Slightly off topic, but I chose (and choose) the ethical route when presented with this dilemma. My rational is that I can always get another job but I can never get another conscience. And yes I have lost my job by refusing to lie, cheat and steal for an employer.

      1. BRR*

        I would also choose my conscience. I know the theory is the employer would screw you over so why not do the same, but I don’t think putting myself at a lower level just to even things out would make me feel better.

      2. Zillah*

        But I think that’s a little different – many of us would be uncomfortable lying, cheating, or stealing for an employer to the extent that we’d be willing to lose our jobs over it. That gets knee deep in ethics and morality. I think that’s very different from playing your plans for the future close to the chest.

        1. Zillah*

          I’d also say that being able to choose your conscience over having a job inherently comes from a place of privilege. If you have no safety net and/or have dependents, walking away may not be such a feasible option.

          1. neverjaunty*

            Yes, this. It’s easy to talk about the nobility of a clear conscience when you can easily hop to a new job or rely on accumulated wealth.

            But I don’t see this is a huge Ethical Dilemma anyway. Taking a job meant to be long-term when you know that you’re going to treat it as a short-term gig is kind of a jerk move when you’re simply doing it for the experience. (It’s really usually a jerk move, but a totally understandable one when the alternative is “they will shut off my electricity this weekend”.)

          2. Empress Zhark*

            I agree. Having a nice clear conscience is all well & good – but a clear conscience alone doesn’t pay the rent or put food on the table.

            1. Cautionary tail*

              Hopefully I can respond to everyone in one posting.

              Yes this is a sidebar and I stated it as “Slightly off topic.”

              Place of privilege – not. I did not say I left my job, I said I lost my job. My employer basically said he had no use for me if I wouldn’t do these things and so I was laid off immediately with no severance. I had four months of struggling with no paycheck and wiped out some of my retirement till I got a new job.

              There was nothing noble. I went through a depression and second guessed myself that I should have lied to customers; signed false documents representing that things were done when the company had no intention of even starting the activities; etc. I had to keep saying the statement about eventually getting a new job vs being able to live with myself. I was an industry expert and I couldn’t even get peer companies to respond to my job applications.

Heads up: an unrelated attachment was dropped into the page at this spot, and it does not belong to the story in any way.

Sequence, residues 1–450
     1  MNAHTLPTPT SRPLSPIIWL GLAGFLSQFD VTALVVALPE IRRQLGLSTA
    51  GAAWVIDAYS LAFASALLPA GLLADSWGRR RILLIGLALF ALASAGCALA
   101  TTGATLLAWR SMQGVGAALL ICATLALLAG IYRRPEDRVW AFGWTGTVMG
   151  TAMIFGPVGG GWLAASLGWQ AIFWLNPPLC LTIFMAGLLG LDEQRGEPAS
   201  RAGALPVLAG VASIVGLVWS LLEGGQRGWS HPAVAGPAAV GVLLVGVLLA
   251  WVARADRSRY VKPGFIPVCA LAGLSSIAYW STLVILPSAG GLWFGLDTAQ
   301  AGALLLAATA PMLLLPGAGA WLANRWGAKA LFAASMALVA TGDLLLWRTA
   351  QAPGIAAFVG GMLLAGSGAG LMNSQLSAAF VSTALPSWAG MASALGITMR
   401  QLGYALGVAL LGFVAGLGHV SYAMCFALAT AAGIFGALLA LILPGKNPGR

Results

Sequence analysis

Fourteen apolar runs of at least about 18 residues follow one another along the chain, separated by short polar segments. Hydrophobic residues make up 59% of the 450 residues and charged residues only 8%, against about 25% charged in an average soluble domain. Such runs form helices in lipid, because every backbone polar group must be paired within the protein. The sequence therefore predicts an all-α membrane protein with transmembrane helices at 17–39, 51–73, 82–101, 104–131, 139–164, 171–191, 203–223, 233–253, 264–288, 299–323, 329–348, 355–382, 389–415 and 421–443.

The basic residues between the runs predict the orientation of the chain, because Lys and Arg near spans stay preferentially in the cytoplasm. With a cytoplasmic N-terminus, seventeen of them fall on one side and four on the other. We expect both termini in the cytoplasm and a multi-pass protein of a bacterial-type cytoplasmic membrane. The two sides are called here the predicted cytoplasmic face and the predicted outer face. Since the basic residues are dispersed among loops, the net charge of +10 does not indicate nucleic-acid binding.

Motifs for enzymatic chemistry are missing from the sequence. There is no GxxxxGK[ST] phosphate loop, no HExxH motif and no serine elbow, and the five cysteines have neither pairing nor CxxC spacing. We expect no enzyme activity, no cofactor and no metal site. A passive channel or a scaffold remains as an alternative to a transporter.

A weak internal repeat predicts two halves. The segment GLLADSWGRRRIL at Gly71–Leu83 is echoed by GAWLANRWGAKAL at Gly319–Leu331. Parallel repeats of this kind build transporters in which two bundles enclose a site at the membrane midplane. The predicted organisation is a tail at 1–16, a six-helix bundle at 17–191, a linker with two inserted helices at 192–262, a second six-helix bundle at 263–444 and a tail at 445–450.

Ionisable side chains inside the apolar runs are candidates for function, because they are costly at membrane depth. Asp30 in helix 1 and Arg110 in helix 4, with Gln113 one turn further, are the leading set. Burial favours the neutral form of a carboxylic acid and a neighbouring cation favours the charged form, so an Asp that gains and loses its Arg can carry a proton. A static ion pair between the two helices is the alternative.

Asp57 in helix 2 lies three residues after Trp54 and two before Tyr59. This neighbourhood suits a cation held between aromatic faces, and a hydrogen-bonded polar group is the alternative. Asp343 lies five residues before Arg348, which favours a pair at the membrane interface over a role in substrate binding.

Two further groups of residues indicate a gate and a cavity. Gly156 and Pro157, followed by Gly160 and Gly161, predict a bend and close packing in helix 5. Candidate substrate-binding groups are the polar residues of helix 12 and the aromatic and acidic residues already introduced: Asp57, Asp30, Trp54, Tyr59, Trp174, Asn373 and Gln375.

And yes I was thinking are they going to shut off my utilities and Can I buy groceries this week.

              It was hard and I’m still not recovered from the loss of income. I also suffer workplace PTSD from working at that h*llhole.

              1. Dan*

                Your boss was asking you to commit a crime (falsify documents) which could land you in jail.

                That’s a totally different context then the OP who’s future circumstances are just uncertain.

        2. Monodon monoceros*

          Especially when you have little control over your plans for the future. Yes, you may be planning on getting another job at some point, but it’s not exactly like that just happens just because you want it to (especially in the current market, maybe someday that will change, but hoping and wishing doesn’t make it so).

  8. Former Professional Computer Geek*

    Decades ago, when I was young and naive, I worked for a very small (5 people) company with high turnover. The boss/owner was a lot like #3, except he gave bad references to everyone whether they were looking or had already left. He also had an alarming tendency to refuse to give final paychecks, leaving you the choice of quitting with no notice, which gave him more ammo for that reference, or giving notice and having to sue him to get your last paycheck. I saw a lot of people wind up doing the latter after being promised that they’d get their pay… and never getting it. (He was also frequently sued by clients for things that could have, and probably should have, gotten him arrested.)

    I left that job after only a year because I moved out of state. I applied and interviewed for what seemed like a dream job. The interview was going so well that she kept telling me I was a ‘perfect fit,’ but things ground to a halt when she saw my previous employer was not listed as a reference. When asked why, I said that the situation had been difficult, that the employer did not say positive things about his past employees, and asked if she could instead talk to my references (coworkers from other positions) or employers before that last, difficult place. The interviewer, who would have been my boss, insisted that she would call the previous employer and said that my asking not to do so was a ‘major red flag.’ Remember, this is long before the web, even before email was common. There is no way she could have searched online for the name and found links to the piles of lawsuits against him.

    I will say this: She was polite enough to call me and reject me. She again told me that I would have been a perfect fit, but my asking her to not contact my former employer had bothered her too much for her to hire me. I’m sure at the time she felt she had dodged a bullet, but 30 years later I now feel that I dodged one, too.

    1. MK*